Leadership in times of crisis

This is after all a medical, not a political problem; as such it requires a medical, and not a political solution

Up until around a week ago, everything seemed to be going swimmingly for our new(ish) Prime Minister Robert Abela: who has so far probably enjoyed the longest and most blissful honeymoon period in Maltese political history.

Off-hand, I can’t think of a single other Prime Minister who had it so easy in his first couple of months in power. Just look at all the things that have somehow worked to Abela’s advantage since January 12 (without, it must be said, any real input of his own).

All the protests and civil unrest that characterized the last weeks of 2019? Everything seemed to evaporate into thin air, almost within hours of Abela’s appointment… as though Joseph Muscat had taken all his political baggage away with him when he stepped down: leaving his successor with an administration that was – on the surface, at least - cleansed of all its previous blemishes.

Meanwhile, the few issues that Abela has had to deal with since then (e.g., the police corruption scandal) have all been more attributable to the preceding administration, than to his own. And in any case, none of them required any specific interventions by the Prime Minister… beyond the occasional public appearance here and there, with all the usual reassuring soundbites we have come to expect from our political leaders: ‘the government will listen to the people’; ‘we will take the necessary decisions’, etc., etc.

It is hardly surprising, then, that our surveys recently revealed such unprecedented nationwide approval ratings for Robert Abela – surpassing even Joseph Muscat at the height of his popularity. So far, all he has really had to was ‘look the part’… and to be fair, that is something he is naturally quite good at anyway.

But all that seems to have suddenly collapsed around him in the space of just a week: i.e., since when the first symptoms of genuine coronavirus panic started to set in…. followed by the first actual cases, which (understandably enough) have dramatically heightened a national mood of apprehension and anxiety.

Suddenly, Robert Abela found himself having to transition from a Prime Minister who only had to ‘look good for the cameras’ – and even then, in front of an audience that was largely well-disposed towards him to begin with – to a Prime Minister who had to take decisive, effective decisions in the face of a real leadership challenge. And while it might be too early to gauge his efforts on that particular score… something tells me that the results to date have not been all that encouraging.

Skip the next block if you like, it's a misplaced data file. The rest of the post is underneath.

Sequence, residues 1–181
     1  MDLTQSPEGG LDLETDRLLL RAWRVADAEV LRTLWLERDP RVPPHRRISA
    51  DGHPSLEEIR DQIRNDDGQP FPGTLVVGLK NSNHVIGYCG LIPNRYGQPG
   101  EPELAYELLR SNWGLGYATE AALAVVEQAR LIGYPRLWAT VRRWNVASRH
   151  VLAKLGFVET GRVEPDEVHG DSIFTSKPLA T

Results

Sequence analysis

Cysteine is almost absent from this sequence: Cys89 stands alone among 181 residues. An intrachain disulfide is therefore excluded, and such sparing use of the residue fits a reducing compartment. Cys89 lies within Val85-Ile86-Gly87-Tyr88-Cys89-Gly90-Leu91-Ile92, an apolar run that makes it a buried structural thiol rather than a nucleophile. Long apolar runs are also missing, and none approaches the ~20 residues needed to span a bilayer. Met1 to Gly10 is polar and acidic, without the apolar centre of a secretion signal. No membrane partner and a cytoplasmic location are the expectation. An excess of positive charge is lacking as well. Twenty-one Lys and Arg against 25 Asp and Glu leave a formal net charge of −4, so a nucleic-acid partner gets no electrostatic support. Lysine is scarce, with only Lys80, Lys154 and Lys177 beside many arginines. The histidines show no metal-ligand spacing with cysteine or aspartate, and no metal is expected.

Last Sunday, for instance, this newspaper reported that Abela was facing internal Cabinet dissent over his handling of the crisis. His health minister Chris Fearne (who is a doctor, and was also Abela’s main contender for the leadership) was of the opinion that all fights to and from Italy should be halted with immediate effect; and it seems that the medical profession as a whole – as represented by its main unions, the MAM and MUMN – agreed.

Abela, on the other hand, was at first reluctant… and whether or not this was his actual intention, people were quick to point out that his hesitation chimed in with pressure from the only other non-governmental organization to likewise oppose a total ban on flights from Italy: namely the MHRA, which has a natural (and equally understandable) interest in carrying on, as much as possible, with a ‘business-as-usual’ approach.

In the end, Abela was forced to backtrack… announcing the cessation of air traffic to Italy, only after the entire country was placed under quarantine on Monday. And this was the second such U-turn in the space of just a few days: after Abela had similarly reversed his previous decision to allow a cruise-liner to dock in Malta, despite fears (which admittedly may have been exaggerated) of possible contagion among passengers.